Hello my friends,
This is the 4th edition of the Backyard Brains World Tour. Just a short reminder: my name is Etienne ‘ÉT’ Serbe and I’m currently travelling in South America to spread the word of Neuroscience. After nearly 20 presentations, workshops, or demonstrations of Neuroscience basics in Brasil, Uruguay, Argentina, Chile, and Peru, I found my way all the way up to Bucaramanga, Colombia. Since my last post, where I was summarizing my stay in Patagonia, I visited Tim in Santiago de Chile and, afterwards, experienced some adventurous weeks trying to find my way up North along the Pacific coast. It started pretty relaxing spending days crossing the Atacama desert where the BYB equipment served as great entertainment for the hitchhikers on the road.
Things started getting problematic when I arrived at the Peruvian border. I got the bad news that my vehicle wasn’t registered while leaving the country in 2013. After several days at customer services at different borders I was told that the police is allowed to take away ‘Brunhilde’ when entering Peru. Consequently I had either to leave behind my beloved Kombi or to turn around to the South. Having already planned my visits in Lima and Chiclayo, I decided to park my car in the Peruvian jungle and to return to the backpacker life.
In Lima I was invited by David Chaupis to give a workshop in Henri Chispe’s cultural center ‘El Paradero’. At the same time this was the inauguration of the El Paradero laboratory, an open access space that enables scientists to give classes, presentations, and workshops. With the open laboratory ‘El Paradero’ gives scientists a platform to share their passion the same way as musicians can give concerts or artists can hold exhibitions. This mixture of professions leads to an extremely creative atmosphere which makes it possible to see the world from different perspectives.
After a short introduction about action potentials, neuroprosthetics, brain waves and how the BYB equipment works, the participants could take their time to discover by their own the broad application spectrum of the DIY experimental devices. I would like to thank the whole ‘El Paradero’ team for their hospitality. Giving me insights to the Limean life and their function as a cultural center was very inspiring and we’ll see each other again.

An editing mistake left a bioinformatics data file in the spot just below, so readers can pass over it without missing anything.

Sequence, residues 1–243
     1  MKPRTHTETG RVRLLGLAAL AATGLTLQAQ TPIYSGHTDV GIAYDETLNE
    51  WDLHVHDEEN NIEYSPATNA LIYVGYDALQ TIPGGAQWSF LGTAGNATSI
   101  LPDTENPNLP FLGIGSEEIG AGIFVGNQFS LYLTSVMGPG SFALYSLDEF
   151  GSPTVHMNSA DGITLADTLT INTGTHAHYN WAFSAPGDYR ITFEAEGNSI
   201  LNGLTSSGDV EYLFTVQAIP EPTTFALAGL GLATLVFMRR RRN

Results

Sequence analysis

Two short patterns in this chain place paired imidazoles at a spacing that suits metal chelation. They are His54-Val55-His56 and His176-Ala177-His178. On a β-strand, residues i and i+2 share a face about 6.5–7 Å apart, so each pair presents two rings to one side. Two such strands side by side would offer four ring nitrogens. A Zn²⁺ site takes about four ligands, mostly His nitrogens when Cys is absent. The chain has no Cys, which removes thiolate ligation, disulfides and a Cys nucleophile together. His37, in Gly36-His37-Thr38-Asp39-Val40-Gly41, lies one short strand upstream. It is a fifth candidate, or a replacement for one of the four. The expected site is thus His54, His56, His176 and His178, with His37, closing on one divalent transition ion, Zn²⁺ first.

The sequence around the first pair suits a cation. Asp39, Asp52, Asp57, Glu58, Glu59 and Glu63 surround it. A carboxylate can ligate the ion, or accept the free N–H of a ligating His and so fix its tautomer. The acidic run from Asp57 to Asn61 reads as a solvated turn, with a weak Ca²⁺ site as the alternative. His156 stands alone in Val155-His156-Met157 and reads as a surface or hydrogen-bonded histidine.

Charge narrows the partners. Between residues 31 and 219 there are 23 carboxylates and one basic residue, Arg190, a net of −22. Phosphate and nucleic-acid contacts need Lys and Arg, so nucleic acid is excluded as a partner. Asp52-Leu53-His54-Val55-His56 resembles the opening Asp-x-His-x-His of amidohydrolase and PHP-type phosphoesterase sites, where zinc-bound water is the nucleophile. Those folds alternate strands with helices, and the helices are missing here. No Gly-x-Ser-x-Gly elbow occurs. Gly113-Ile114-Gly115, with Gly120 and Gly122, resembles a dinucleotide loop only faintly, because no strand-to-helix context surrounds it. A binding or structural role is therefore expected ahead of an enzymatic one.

My next stop was the city of friendship, Chiclayo, where I visited my friend Marlon Suarez with whom I studied Biology in Munich. With his help I was able to share my NeuroTour at the Universidad Nacional Pedro Ruiz Gallo (hosted by Prof. Pedro Chimoy) and the Universidad de Cajamarca. Once again, I was welcomed with open arms and experienced where Chiclayo got its nickname from. Sharing with the Peruvian costeños, I learned a lot about their culture, traditions and dances. Thanks a lot for everything.
Spending the days in the Peruvian far North I once again realized how advantageous it would be for remote areas to have access to low-cost experimental science devices. Not only for educational purposes but also their potential use for hospitals and doctors in the countryside.
Moving on to Ecuador my worst case scenario happened as my laptop broke down. I had to skip the planned NeuroTour stop Quito and travelled to Bogotá, where I unsuccessfully tried to get my laptop repaired. In Colombia a chain of lucky coincidences brought me to William Omar Contreras Lopez (Young Neurosurgeon of the year 2015). He invited me to Bucaramanga where I could present my NeuroTour at the Simposio Regional de Neurociencia that was held on the development of new technologies in Neuroscience. Thanks for the invitation, which made it possible to share my experiences with young motivated scientists (click here or here for video) and might be the start of future collaborations using the BYB equipment as Brain-Computer and/or Human-Machine Interfaces.
After nearly 15,000km travelling in South America I decided to slowly plan route to Europe. I will return to Lima for two weeks and then visit Machu Picchu with my mom. After that I will try to ship ‘Brunhilde’ down the Amazon and across the Atlantic Ocean. I am happy for any advice or help. Luckily my BYB equipment is still working, so don’t worry, this is not the end of the BYB World Tour.
Love and Kisses. ÉT